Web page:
It’s a shower gel based on a biopolymer that’s never been used in cosmetics so far. This means our product doesn’t contain microplastics, which are microparticles that enter water and severely contribute to upsetting of the ecosystem, because microplastics take centuries to break down in the environment. The Hydal technology again originates from Nafigate Corporation. By the way, the Hydal technology won first place in this year’s competition Innovations for Sustainable Development. It’s a new technology, the only one in the world that can process industrially and reuse spent deep-frying oil and turn it into a brand new, high-value raw material, a PHB-type biopolymer. It’s used either as a raw material for bioplastic production, or as a naturally decomposing microplastic. Nafigate Cosmetics has been successful in grasping the ideas of excellent Czech scientists and linking them to the end market. I’m glad to bring to the market innovations coming from Czech scientists, who can do world-class science at a fraction of the cost. That said, the transfer of innovations from laboratories to the end market is very complicated.
It looks like you’ve found the Holy Grail of linking primary and applied research. Even big corporations have a hard time finding an answer to that. For you, it’s the customer who’s at the fore, not science as such.
There’s an underlying united effort of all those involved. We all strive for the best product for the customer. We face numerous challenges, legislation being the first one. If you’re a pioneer in something, for example in using biopolymers in cosmetics, you have to design special testing, because no-one’s ever done this procedure before you. The readiness of the whole team for action is shown when the first non-standard procedure comes. I’m really proud of the composition of the teams in both companies, Nafigate Corporation and Nafigate Cosmetics. Nafigate Corporation pays great attention to talent management; resolving the problem of not using microparticles involved an array of absolutely brilliant postgraduates, supported by more experienced corporate employees. The other team, at Nafigate Cosmetics, then literally dived into resolving the legislative issues connected with marketing the product. The point is that the customer demands all the standard properties in a product; innovation is secondary only to that. To give an example: when you use a shower gel, you have to get a pleasant feeling from using it, a gentle touch, foaming ability, and so on; the innovation really comes second in this case. The product’s properties have to be identical, to which we add a second value, namely an environmental approach, since the product is fully degradable in water. We have one stage in the product development cycle that not many companies have. None of our products will reach the market until we have favourable comments from customers. We use a network of cosmetics parlours for this, in which we regularly test our products. We pay great attention to feedback from our customers, and adjust our formulations based on it. Frequently we do this repeatedly. On the other hand, we’re very fast and capable of responding within weeks or several months. Sometimes we don’t market the product at all, because we know we wouldn’t be able to keep our promises and corporate values. We make our products without parabens, and if we use perfumes, then only natural ones.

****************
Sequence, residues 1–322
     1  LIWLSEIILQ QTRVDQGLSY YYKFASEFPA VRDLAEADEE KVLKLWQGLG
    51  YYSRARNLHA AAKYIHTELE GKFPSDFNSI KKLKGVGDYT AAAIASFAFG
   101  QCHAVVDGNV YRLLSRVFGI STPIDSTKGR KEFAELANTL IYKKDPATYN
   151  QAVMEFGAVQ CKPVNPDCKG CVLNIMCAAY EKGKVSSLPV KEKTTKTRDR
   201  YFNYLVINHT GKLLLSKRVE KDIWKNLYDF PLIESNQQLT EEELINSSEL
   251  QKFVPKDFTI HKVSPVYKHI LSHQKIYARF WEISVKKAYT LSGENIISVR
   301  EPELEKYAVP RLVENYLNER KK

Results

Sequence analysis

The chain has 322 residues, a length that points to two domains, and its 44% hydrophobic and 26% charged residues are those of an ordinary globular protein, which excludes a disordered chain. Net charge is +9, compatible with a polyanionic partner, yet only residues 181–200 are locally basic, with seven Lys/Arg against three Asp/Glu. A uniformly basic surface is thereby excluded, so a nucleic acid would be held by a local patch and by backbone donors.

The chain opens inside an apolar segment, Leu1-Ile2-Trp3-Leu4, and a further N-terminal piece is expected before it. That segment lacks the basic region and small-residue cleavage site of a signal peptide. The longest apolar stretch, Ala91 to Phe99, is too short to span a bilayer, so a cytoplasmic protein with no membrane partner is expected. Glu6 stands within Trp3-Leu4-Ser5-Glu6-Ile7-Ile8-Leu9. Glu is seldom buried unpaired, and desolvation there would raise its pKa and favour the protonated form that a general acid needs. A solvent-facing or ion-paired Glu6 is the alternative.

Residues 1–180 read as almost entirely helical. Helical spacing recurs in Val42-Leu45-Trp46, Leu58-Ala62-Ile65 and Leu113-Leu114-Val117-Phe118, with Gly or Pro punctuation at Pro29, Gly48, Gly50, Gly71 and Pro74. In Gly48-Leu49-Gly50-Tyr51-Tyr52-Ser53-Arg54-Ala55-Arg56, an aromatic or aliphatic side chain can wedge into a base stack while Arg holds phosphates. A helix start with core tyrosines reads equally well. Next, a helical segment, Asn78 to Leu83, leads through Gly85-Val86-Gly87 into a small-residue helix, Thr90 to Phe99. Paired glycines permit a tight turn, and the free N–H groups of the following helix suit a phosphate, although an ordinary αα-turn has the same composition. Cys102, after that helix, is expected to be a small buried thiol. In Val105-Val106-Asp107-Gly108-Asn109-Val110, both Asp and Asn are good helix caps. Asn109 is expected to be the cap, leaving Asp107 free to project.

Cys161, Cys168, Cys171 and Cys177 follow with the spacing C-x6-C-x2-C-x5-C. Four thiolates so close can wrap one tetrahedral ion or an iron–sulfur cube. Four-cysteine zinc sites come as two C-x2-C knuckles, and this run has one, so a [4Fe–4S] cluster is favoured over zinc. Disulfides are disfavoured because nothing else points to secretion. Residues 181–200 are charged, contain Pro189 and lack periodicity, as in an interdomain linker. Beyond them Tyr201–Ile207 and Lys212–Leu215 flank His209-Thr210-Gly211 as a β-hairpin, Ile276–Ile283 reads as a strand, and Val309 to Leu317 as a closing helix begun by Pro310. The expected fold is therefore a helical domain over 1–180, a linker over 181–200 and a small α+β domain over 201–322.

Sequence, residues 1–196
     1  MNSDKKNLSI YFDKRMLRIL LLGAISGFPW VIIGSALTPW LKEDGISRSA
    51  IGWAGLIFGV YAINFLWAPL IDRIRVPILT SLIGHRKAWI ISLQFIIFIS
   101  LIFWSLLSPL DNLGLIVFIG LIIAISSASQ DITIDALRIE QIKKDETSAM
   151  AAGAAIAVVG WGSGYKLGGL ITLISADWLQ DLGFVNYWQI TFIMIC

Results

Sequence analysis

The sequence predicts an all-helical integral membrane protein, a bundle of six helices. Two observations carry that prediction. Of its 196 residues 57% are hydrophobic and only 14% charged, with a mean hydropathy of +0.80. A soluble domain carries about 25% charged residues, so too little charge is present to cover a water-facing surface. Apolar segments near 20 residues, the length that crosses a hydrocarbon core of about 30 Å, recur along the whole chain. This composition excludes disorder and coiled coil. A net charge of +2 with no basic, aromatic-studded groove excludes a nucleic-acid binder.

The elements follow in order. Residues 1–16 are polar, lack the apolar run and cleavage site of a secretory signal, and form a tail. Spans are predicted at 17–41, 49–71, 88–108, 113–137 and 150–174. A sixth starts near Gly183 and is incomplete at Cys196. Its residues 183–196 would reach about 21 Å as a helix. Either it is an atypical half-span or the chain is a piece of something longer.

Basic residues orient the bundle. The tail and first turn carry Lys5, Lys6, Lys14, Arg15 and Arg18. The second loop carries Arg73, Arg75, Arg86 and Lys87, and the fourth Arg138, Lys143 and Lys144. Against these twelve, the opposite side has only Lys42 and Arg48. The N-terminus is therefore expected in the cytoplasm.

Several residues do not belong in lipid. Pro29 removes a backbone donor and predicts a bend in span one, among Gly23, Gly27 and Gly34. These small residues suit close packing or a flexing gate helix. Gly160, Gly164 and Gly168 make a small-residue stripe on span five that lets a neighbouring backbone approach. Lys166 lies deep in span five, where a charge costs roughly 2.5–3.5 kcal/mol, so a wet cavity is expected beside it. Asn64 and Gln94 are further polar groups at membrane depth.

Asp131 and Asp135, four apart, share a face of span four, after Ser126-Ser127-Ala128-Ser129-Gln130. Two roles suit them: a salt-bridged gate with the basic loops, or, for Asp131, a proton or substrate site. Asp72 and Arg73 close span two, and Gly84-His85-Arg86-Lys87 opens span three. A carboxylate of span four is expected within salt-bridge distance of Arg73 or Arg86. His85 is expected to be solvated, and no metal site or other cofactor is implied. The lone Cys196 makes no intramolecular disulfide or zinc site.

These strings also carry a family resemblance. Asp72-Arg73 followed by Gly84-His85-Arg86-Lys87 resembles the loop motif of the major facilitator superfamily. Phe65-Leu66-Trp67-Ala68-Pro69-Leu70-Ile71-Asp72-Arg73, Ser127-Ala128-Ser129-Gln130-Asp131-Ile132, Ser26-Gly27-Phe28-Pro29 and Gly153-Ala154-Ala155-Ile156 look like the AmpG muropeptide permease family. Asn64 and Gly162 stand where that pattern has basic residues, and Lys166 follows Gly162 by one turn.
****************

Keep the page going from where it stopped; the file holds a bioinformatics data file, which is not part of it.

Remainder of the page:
Another frequently debated issue is successorship. You took over from your mother, but originally she wanted you to do sociological research. What’s it like working with your mum?
You know, sometimes it’s hard to have your mum at work. On the other hand, I realise many of my achievements are only thanks to her. She allowed me to travel, organise trade fairs in China, and try dealing with important business partners. As for business, each of us is different. I’d describe my mother as an energy hurricane. She handed the company over to me completely, as I don’t think having multiple leaders is viable. I was well prepared for successorship; I’d worked hard for it. All the employees knew me, as I’d hired some of them myself. The fact that I’d helped build the company and had an expert understanding of the issues helped me a lot. I often see cases where someone from the outside arrives to manage a company. Personally I don’t think it’s appropriate; you have to know the company from the inside. It’s also easier to gain people’s confidence if they’ve known you as a hard-working person with a vision for moving the company forward.
What is your vision?
To build a world-renowned cosmetics brand based on technological innovations. To use the magnificent potential of Czech scientists in the Czech Republic, which is a great country for doing business. I’ve travelled all over the Czech Republic. At present, we have facilities or collaborating institutions in Ostrava, Hradec Králové, Liberec and Prague. What we are lacking is better PR, and I’m glad to be able to contribute with my vision for a company that has the potential to change the world.
By Linda Štucbartová
(This interview is a loose continuation of the series on innovations. We recommend the previous interviews about nanotechnologies with Jiří Kůs and about circular economy with Soňa Jonášová. The interviews are available on- line at www.czechleaders.cz/interviews)